Bipolar disorder is something I have been research­ing over the last two years. I have become a bit obsessed with what’s going on in the brain to cause a manic episode, in which many cells in the brain start firing excessively. Later in the cycle, activity slows down and depression sets in. We believe we are beginning to understand why this whole cycle takes place. Our present success with bipolar disorder is about 65 to 70 percent, not as good as with regular depression. We’re still working to find ways to better help people with this condition.

Many women with a severe overload of copper are prone to postpartum psychosis, which can result in a diagnosis of schizophrenia.

JH: Would you talk more about the five types of depression and your successes in treating them?

WW: The largest group of depressives is the under­methylation biotype, which includes between 38 and 40 percent of all people diagnosed with clinical depression — based on the 3,600 cases we have studied. In many cases, this condition is genetic, not epigenetic. It can be aggravated by the environment, but often these people are born with a tendency for depression. Undermethylation is treatable, but it is the most difficult biotype of depression to treat. It usually takes at least a month for people to feel any better, and often six months for the nutrient therapy to achieve its full effect. Our success rate is probably 65 to 70 percent with this form of depression.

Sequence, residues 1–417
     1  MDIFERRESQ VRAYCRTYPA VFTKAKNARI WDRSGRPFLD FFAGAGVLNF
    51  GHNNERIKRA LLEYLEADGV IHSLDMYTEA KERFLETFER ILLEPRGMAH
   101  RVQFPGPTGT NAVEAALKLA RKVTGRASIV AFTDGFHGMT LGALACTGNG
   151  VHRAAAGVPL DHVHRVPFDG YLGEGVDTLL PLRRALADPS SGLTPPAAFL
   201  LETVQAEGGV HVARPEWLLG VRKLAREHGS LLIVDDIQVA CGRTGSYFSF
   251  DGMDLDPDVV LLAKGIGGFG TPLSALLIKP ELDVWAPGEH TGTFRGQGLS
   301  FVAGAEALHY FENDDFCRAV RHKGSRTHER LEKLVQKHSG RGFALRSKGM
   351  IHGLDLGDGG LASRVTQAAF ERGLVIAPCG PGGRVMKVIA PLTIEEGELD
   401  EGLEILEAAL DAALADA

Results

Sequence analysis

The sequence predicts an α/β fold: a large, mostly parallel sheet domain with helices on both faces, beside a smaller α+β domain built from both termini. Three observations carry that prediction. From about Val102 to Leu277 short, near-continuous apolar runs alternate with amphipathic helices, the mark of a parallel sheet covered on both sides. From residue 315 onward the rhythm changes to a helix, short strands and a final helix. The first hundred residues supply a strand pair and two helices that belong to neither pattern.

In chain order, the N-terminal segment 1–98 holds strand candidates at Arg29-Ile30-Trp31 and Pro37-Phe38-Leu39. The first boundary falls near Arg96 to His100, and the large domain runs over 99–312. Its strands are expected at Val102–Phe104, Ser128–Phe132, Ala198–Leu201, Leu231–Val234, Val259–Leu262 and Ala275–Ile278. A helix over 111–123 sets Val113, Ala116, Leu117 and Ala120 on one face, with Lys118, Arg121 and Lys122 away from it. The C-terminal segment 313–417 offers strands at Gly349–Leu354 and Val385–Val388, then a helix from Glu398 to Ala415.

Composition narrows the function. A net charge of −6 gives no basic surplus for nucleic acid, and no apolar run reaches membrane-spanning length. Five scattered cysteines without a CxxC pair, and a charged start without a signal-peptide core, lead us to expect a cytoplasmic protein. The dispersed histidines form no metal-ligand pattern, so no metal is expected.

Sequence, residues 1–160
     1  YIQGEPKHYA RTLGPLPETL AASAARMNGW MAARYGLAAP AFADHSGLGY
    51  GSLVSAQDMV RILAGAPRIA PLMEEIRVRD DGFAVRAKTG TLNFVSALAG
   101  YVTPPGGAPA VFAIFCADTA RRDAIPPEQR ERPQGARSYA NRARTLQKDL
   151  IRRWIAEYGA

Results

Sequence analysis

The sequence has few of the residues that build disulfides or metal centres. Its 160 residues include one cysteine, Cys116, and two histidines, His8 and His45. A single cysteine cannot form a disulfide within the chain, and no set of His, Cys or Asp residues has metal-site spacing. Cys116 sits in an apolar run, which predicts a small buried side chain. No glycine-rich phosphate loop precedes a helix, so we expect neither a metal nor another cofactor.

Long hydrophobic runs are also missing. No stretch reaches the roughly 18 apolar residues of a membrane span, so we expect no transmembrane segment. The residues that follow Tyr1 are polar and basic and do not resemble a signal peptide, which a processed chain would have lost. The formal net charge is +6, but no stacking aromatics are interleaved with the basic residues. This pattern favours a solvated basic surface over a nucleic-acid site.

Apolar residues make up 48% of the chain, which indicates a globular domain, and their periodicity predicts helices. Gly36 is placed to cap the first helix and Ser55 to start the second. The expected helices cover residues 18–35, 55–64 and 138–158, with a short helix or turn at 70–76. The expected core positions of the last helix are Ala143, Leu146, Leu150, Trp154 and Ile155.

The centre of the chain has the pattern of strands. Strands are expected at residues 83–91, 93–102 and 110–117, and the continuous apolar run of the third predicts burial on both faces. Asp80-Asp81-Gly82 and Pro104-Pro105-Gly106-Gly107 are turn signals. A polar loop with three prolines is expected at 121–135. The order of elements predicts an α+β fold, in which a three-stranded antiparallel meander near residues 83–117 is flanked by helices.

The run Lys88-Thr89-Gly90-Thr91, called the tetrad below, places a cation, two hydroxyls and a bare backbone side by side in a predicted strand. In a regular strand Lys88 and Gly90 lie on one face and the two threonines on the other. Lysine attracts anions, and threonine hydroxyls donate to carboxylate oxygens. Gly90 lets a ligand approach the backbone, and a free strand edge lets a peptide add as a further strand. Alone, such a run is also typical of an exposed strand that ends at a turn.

The second group consists of people with hypercupremia, or copper overload. This group is smaller, around 17 percent of all depressives. The vast majority are women who have hormonal imbalances. During pregnancy, a woman’s copper level more than doubles because the fetus needs copper for the rapid creation of blood cells. Soon after birth, her copper and estrogen levels are supposed to return to normal, but some women don’t have the ability to get rid of the excess copper because they are deficient in certain regulating proteins. Elevated copper lowers dopa­mine levels and greatly increases norepinephrine levels. Dopamine is a feel-good neurotransmitter, while elevated norepinephrine has been associated with anxiety and depression. Many women with a severe overload of copper are prone to postpartum psychosis, which can result in a diagnosis of schizophrenia. This condition can continue for years unless the copper overload is fixed. Women with postpartum depression are probably the easiest patients to treat, even if they have suffered from the disorder for 20 years.